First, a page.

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How am I able to access a static variable from another file? Doesn't static variable have a file scope?

bash-3.2$ ls
a.c  b.c

bash-3.2$ cat a.c
#include <stdio.h>
static int s = 100;
int fn()
/*  some code */

bash-3.2$ cat b.c
#include <stdio.h>
#include "a.c"
extern int s;
int main()
printf("s = %d \n",s);
return 0;

bash-3.2$ gcc b.c   

bash-3.2$ a.exe
s = 100 
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marked as duplicate by Jonathan Leffler Jul 29 '14 at 13:22

This question has been asked before and already has an answer. If those answers do not fully address your question, please ask a new question.

Is it not violating or bypassing the definition of a static variable that it has file scope only and can not be accessed from another file? –  aks Feb 22 '10 at 14:01
Never #include *.c, *.cpp, etc. files as headers. –  Roger Pate Feb 22 '10 at 14:38

2 Answers 2

You have included one file into another - very bad practice. From C compiler point of view, both files form one translation unit, because C preprocessor inserts the content of a.c into b.c.

In case of two separate translation units, one unit cannot access statics of another, but it's not your case.

If you remove #include "a.c" line and compile like it should be: gcc a.c b.c, you will get unresolved external error for s.

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Is it not violating or bypassing the definition of a static variable that it has file scope only and can not be accessed from another file? –  aks Feb 22 '10 at 14:00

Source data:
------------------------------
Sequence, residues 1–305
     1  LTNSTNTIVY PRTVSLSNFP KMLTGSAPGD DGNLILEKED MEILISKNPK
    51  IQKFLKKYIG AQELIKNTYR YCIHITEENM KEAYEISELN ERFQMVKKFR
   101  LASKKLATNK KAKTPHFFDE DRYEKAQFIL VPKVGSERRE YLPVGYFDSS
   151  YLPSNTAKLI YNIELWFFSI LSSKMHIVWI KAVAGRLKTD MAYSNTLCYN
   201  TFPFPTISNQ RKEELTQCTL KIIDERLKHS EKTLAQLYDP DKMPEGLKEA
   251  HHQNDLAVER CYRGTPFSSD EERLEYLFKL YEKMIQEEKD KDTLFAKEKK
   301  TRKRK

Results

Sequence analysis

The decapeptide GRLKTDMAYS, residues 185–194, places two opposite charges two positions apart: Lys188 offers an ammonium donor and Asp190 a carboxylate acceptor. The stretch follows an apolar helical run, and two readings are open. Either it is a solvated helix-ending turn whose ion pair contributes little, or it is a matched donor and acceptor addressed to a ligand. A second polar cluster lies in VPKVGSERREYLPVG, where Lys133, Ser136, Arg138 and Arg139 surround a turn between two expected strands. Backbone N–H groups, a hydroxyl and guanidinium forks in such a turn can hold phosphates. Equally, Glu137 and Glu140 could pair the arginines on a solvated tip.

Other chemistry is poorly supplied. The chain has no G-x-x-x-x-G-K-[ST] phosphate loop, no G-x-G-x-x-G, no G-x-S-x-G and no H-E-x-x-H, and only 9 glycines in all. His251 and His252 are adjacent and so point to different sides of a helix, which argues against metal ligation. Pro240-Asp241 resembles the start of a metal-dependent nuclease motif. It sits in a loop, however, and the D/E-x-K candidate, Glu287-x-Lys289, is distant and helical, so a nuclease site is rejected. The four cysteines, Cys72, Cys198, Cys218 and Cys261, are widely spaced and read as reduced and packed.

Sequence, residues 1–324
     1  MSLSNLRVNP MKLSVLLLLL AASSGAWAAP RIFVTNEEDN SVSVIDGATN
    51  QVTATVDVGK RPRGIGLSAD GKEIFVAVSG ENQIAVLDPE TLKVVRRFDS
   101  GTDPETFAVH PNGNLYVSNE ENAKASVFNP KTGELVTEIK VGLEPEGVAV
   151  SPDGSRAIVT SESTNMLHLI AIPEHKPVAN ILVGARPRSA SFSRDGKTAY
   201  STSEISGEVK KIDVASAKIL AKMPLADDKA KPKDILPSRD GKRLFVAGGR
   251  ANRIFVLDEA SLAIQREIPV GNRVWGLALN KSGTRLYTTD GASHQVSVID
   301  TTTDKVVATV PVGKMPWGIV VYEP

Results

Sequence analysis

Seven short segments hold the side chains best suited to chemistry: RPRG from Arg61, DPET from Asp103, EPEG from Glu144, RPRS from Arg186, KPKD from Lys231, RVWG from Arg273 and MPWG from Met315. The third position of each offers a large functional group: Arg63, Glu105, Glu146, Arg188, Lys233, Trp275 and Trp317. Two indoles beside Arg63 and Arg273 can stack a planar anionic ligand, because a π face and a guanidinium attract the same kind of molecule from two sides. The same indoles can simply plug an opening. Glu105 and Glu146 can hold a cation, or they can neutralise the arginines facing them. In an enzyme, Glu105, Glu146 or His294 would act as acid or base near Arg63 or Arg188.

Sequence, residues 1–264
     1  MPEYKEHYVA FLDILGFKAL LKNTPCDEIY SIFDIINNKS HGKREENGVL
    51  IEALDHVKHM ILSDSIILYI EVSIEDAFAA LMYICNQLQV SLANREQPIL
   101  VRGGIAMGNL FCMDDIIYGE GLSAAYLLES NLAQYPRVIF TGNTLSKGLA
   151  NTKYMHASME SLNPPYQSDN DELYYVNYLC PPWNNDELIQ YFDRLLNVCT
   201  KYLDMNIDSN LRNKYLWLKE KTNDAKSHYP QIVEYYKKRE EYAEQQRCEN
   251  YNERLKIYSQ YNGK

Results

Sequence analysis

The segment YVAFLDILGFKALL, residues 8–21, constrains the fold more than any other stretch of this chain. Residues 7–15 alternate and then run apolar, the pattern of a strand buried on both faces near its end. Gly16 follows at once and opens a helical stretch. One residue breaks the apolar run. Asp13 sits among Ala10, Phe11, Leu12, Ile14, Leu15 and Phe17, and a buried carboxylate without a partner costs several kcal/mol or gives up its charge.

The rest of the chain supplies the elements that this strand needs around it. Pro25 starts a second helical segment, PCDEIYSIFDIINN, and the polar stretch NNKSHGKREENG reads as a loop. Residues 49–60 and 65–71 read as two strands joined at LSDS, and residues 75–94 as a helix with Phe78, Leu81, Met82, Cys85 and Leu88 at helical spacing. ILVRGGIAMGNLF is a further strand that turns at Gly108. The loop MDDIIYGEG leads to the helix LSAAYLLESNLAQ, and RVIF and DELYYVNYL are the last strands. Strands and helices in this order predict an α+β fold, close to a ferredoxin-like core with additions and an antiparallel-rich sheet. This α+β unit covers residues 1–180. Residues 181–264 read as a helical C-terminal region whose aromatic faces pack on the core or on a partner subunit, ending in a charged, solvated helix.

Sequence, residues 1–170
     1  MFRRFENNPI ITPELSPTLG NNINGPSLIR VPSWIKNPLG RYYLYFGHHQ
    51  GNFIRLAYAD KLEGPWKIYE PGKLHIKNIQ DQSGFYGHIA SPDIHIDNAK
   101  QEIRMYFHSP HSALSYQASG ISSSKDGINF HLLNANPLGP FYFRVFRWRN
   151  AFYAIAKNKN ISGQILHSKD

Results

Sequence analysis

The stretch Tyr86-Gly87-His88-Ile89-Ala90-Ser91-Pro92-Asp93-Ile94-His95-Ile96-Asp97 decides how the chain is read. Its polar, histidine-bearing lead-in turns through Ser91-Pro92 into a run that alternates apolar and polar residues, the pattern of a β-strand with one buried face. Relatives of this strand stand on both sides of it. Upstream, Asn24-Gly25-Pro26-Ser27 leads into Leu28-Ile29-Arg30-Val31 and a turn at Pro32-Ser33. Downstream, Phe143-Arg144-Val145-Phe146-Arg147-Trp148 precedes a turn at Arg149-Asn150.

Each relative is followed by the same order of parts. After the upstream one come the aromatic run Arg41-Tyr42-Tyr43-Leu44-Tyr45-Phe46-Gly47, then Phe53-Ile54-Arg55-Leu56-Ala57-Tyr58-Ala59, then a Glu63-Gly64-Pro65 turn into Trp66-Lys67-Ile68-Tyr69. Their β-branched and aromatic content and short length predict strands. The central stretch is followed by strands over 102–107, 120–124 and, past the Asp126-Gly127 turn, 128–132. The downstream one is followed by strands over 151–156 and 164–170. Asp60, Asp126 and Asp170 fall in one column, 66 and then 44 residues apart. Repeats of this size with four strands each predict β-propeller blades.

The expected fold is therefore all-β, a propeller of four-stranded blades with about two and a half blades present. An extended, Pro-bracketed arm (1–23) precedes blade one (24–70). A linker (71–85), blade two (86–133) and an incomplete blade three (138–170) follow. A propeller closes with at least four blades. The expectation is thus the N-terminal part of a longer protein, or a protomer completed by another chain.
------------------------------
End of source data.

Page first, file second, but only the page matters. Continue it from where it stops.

Static scope is limited to translation unit. In your case both files are one translation unit. –  qrdl Feb 22 '10 at 14:01
As a general rule, I absolutely agree - avoid including source files (as opposed to headers). However, for unit testing the internals of a source file, including the source file provides the test code with access to the otherwise invisible code (variables and functions) - and can be extremely useful. But that is a very specialized context. –  Jonathan Leffler Feb 22 '10 at 14:24
@Jonathan: Very specialized and not worth mentioning due to the confusion for beginners who don't yet grasp the concept of TUs. Also covered under the general rule "Never include implementation (*.c) files as headers" because you're not treating them as headers. –  Roger Pate Feb 22 '10 at 14:46

It's from a separate file, but what you're printing is not from a separate translation unit as you #include the whole of a.c from b.c.

static objects are local to a translation unit, which consists of all included files, and not to a single source file.

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Doesn't static variable have a file scope? –  aks Feb 22 '10 at 13:59
@aks: No, not if you mean source file. –  Charles Bailey Feb 22 '10 at 14:02
#include is not the same as the "import" or similar that some other languages support. It's more like assembling a single source file by cut-and-pasting in addition "header" files. It's not the same as linking multiple compilation units together - for that, you use a linker to combine the object files generated by the compiler from your source files. The single-source-file case generally gets made easy - two+ files isn't hard, but you do need to know the compiler options etc, or find an IDE that does that for you. –  Steve314 Feb 22 '10 at 14:17
@aks: Forget "file scope" and think in terms of translation units (TUs), this use of static means "internal linkage", which you might think of as "TU scope". –  Roger Pate Feb 22 '10 at 14:40
@Steve314: gcc (and most C compilers I've ever used) make it really easy, no matter how many files: gcc a.c b.c. A 15 minute make tutorial that covers implicit rules and CFLAGS covers the rest. (echo a.exe: a.o b.o >>Makefile && make a.exe) –  Roger Pate Feb 22 '10 at 14:43

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